Invasion of the Robots: HESTEC Kicks Off at Pharr Events Center

by Amanda L. Alaniz

PHARR, TEXAS – More than 40 energy-filled middle and high school robotics teams from across the Rio Grande Valley competed in a quadrathon challenge at the Pharr Events Center to start off UTRGV’s annual Hispanic, Engineering, Science and Technology (HESTEC) Week.

The Oct. 1 competition started at 9 a.m., as students from as far as Laredo pitted their robots against competing teams.

Each of the 44 teams was in charge of building its own robot out of Lego® parts and programming it to compete in a number of competitions, including a maze, going up and down a ramp, and a search and rescue.

There was a station available for the teams to test out their robots and make any necessary changes.

Forty-four energy-filled middle and high school robotics teams from across the Rio Grande Valley competed in a quadrathon challenge at the Pharr Events Center on Monday, to kick off UTRGV’s annual Hispanic, Engineering, Science and Technology (HESTEC) Week. Students from as far as Laredo pitted their robots against competing teams. Each team was in charge of building its own robot out of Lego® parts and programming it to compete in a number of competitions, including a maze, going up and down a ramp, and a search and rescue. Photo: Paul Chouy/UTRGV

‘BUILT, NOT BOUGHT’

Seventh-grade science teacher Danny Gonzalez, of Veterans Middle School in Donna, said the field of robotics is important to his students because they can see what they built, learn from their mistakes and make it better.

“There’s a lot of building. They see how important the design is before, and then how is affects execution at the end. And it usually never turns out the way they think it’s going to turn out. So you have to go back, redesign, modify. Sometimes, it works out even better than anticipated. They’re constantly learning,” he said.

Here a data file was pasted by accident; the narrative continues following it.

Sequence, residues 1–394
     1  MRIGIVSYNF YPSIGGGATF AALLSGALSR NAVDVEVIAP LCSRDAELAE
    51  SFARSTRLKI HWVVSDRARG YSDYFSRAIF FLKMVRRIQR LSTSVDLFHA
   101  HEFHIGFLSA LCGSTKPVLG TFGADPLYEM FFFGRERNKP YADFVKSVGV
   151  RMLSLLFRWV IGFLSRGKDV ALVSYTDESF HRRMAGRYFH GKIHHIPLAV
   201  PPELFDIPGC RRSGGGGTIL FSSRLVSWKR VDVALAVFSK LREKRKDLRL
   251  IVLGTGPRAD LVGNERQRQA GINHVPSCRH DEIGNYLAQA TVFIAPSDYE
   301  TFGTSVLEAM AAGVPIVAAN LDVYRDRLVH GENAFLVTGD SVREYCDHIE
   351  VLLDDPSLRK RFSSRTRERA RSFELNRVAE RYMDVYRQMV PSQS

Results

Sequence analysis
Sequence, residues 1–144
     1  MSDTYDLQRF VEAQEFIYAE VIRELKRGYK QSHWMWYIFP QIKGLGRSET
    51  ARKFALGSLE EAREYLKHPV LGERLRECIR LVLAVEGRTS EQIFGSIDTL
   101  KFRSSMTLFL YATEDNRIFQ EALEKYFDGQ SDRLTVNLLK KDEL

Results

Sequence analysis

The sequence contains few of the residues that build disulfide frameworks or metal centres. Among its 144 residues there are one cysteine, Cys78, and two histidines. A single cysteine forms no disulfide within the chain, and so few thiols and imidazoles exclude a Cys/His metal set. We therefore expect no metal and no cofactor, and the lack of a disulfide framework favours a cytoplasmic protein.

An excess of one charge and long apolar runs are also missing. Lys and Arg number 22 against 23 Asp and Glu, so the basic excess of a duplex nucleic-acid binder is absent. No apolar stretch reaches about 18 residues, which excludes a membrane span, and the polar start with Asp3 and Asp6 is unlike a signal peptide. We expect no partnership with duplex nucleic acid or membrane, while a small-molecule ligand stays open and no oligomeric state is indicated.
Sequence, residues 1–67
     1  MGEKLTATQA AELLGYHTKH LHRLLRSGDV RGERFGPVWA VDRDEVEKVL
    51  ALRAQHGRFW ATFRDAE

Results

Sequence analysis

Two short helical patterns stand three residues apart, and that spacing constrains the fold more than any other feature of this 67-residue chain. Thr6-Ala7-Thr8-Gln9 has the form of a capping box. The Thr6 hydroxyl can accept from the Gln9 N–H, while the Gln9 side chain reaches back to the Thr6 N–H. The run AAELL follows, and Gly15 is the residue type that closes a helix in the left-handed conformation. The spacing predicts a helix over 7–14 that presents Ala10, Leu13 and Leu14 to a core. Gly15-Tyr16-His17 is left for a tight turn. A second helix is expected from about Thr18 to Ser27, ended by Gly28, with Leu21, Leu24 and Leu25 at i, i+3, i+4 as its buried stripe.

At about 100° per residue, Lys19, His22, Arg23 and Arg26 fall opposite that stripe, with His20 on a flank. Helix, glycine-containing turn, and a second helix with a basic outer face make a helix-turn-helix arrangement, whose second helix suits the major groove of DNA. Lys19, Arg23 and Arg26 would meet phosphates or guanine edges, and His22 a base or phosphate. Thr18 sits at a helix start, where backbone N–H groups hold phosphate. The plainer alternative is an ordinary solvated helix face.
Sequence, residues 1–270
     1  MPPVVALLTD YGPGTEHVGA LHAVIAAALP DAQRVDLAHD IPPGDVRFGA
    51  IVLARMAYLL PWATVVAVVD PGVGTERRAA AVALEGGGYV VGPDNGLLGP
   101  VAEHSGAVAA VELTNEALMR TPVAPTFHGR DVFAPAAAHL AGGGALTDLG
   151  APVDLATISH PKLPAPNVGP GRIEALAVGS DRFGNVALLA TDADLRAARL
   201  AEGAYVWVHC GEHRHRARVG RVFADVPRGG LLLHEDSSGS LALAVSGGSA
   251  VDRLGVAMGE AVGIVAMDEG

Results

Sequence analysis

The Warrior Bots, the team Gonzalez coaches, has its own accomplishments outside of HESTEC: They turned an electric wheelchair into a T-shirt launcher used for pep rallies at school.

The team’s president is eighth-grader Melanie Salazar.

“Being part of the robotics team is fun,” she said. “It’s rewarding and helps show what we can do.”

Milton Hernandez, program coordinator with UTRGV’s Division of Governmental and Community Relations, was in charge of putting together Robotics Day. Along with his team, they are in charge of creating the competitions.

He stressed the importance of HESTEC for the university, the community and area schools.

“I’ll be walking around during competitions and I’ll see a school struggling, and I’ll see a different school from another city helping them out. I think it’s important, because it brings that family concept, but it also shows you the importance of STEM,” he said.

Fernando Perales, an eighth-grader from Memorial Middle School in Edinburg, said his father inspired him to get involved with the robotics team.

“My dad took me to his job and told me to take apart a motor. I tried it, and I was able to do it. I put it back together. I broke some parts, but I tried to fix it,” he said.

“I think robotics is not only about competition. It’s about having fun – winning or losing, medal or no medal, trophy or no trophy.”

HESTEC continues throughout the week, ending with Community Day on Oct. 6. For a full schedule of events visit www.utrgv.edu/HESTEC.

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